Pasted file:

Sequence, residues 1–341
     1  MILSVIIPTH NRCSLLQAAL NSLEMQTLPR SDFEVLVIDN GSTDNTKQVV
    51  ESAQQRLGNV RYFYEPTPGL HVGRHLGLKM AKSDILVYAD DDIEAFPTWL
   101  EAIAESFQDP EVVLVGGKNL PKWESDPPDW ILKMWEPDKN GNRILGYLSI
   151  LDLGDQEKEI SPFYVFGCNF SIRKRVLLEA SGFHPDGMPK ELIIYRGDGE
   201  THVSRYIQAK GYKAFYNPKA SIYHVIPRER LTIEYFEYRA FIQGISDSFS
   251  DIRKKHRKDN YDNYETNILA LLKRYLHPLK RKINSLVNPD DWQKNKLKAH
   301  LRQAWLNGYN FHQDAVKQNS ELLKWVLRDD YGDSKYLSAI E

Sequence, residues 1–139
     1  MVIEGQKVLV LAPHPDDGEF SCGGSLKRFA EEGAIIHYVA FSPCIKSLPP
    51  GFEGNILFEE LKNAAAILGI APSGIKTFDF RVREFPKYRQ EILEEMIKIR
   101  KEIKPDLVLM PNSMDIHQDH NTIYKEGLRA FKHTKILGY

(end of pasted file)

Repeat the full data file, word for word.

Sequence, residues 1–341
     1  MILSVIIPTH NRCSLLQAAL NSLEMQTLPR SDFEVLVIDN GSTDNTKQVV
    51  ESAQQRLGNV RYFYEPTPGL HVGRHLGLKM AKSDILVYAD DDIEAFPTWL
   101  EAIAESFQDP EVVLVGGKNL PKWESDPPDW ILKMWEPDKN GNRILGYLSI
   151  LDLGDQEKEI SPFYVFGCNF SIRKRVLLEA SGFHPDGMPK ELIIYRGDGE
   201  THVSRYIQAK GYKAFYNPKA SIYHVIPRER LTIEYFEYRA FIQGISDSFS
   251  DIRKKHRKDN YDNYETNILA LLKRYLHPLK RKINSLVNPD DWQKNKLKAH
   301  LRQAWLNGYN FHQDAVKQNS ELLKWVLRDD YGDSKYLSAI E

Sequence, residues 1–139
     1  MVIEGQKVLV LAPHPDDGEF SCGGSLKRFA EEGAIIHYVA FSPCIKSLPP
    51  GFEGNILFEE LKNAAAILGI APSGIKTFDF RVREFPKYRQ EILEEMIKIR
   101  KEIKPDLVLM PNSMDIHQDH NTIYKEGLRA FKHTKILGY